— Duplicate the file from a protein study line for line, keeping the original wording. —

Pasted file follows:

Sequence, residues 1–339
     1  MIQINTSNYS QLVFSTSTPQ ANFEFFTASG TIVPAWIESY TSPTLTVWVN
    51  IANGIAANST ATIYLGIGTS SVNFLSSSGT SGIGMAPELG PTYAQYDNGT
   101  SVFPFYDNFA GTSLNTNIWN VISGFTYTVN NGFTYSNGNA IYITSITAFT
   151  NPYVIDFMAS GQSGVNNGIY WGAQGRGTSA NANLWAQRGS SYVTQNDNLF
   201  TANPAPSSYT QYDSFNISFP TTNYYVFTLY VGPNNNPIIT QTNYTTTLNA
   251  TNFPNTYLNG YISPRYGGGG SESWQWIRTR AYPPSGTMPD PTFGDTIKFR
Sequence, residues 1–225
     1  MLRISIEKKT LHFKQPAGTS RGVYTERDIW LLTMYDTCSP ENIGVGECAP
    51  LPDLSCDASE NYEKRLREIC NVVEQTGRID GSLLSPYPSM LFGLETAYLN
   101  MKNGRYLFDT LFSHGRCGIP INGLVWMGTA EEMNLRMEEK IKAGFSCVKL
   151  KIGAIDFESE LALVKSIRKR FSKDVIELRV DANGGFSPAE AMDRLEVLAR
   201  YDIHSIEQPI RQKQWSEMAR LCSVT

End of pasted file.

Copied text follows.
Sequence, residues 1–339
     1  MIQINTSNYS QLVFSTSTPQ ANFEFFTASG TIVPAWIESY TSPTLTVWVN
    51  IANGIAANST ATIYLGIGTS SVNFLSSSGT SGIGMAPELG PTYAQYDNGT
   101  SVFPFYDNFA GTSLNTNIWN VISGFTYTVN NGFTYSNGNA IYITSITAFT
   151  NPYVIDFMAS GQSGVNNGIY WGAQGRGTSA NANLWAQRGS SYVTQNDNLF
   201  TANPAPSSYT QYDSFNISFP TTNYYVFTLY VGPNNNPIIT QTNYTTTLNA
   251  TNFPNTYLNG YISPRYGGGG SESWQWIRTR AYPPSGTMPD PTFGDTIKFR
Sequence, residues 1–225
     1  MLRISIEKKT LHFKQPAGTS RGVYTERDIW LLTMYDTCSP ENIGVGECAP
    51  LPDLSCDASE NYEKRLREIC NVVEQTGRID GSLLSPYPSM LFGLETAYLN
   101  MKNGRYLFDT LFSHGRCGIP INGLVWMGTA EEMNLRMEEK IKAGFSCVKL
   151  KIGAIDFESE LALVKSIRKR FSKDVIELRV DANGGFSPAE AMDRLEVLAR
   201  YDIHSIEQPI RQKQWSEMAR LCSVT